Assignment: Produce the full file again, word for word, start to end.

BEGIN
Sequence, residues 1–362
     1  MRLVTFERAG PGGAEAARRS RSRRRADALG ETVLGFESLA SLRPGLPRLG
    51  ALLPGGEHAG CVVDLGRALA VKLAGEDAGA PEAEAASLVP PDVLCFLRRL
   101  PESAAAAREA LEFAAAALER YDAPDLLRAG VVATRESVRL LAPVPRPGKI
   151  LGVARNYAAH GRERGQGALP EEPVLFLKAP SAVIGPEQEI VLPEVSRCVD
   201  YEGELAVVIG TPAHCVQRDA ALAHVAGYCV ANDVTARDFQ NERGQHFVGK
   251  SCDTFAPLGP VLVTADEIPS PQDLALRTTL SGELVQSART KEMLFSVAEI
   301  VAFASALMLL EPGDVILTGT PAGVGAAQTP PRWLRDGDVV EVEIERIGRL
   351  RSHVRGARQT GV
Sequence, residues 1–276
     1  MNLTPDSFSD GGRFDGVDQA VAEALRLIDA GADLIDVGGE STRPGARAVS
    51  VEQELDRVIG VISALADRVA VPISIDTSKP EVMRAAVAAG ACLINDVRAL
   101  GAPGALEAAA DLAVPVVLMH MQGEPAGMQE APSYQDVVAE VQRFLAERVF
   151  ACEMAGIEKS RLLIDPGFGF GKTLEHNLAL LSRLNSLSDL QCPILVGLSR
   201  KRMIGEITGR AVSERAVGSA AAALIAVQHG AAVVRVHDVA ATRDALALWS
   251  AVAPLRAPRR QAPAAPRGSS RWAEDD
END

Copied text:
Sequence, residues 1–362
     1  MRLVTFERAG PGGAEAARRS RSRRRADALG ETVLGFESLA SLRPGLPRLG
    51  ALLPGGEHAG CVVDLGRALA VKLAGEDAGA PEAEAASLVP PDVLCFLRRL
   101  PESAAAAREA LEFAAAALER YDAPDLLRAG VVATRESVRL LAPVPRPGKI
   151  LGVARNYAAH GRERGQGALP EEPVLFLKAP SAVIGPEQEI VLPEVSRCVD
   201  YEGELAVVIG TPAHCVQRDA ALAHVAGYCV ANDVTARDFQ NERGQHFVGK
   251  SCDTFAPLGP VLVTADEIPS PQDLALRTTL SGELVQSART KEMLFSVAEI
   301  VAFASALMLL EPGDVILTGT PAGVGAAQTP PRWLRDGDVV EVEIERIGRL
   351  RSHVRGARQT GV
Sequence, residues 1–276
     1  MNLTPDSFSD GGRFDGVDQA VAEALRLIDA GADLIDVGGE STRPGARAVS
    51  VEQELDRVIG VISALADRVA VPISIDTSKP EVMRAAVAAG ACLINDVRAL
   101  GAPGALEAAA DLAVPVVLMH MQGEPAGMQE APSYQDVVAE VQRFLAERVF
   151  ACEMAGIEKS RLLIDPGFGF GKTLEHNLAL LSRLNSLSDL QCPILVGLSR
   201  KRMIGEITGR AVSERAVGSA AAALIAVQHG AAVVRVHDVA ATRDALALWS
   251  AVAPLRAPRR QAPAAPRGSS RWAEDD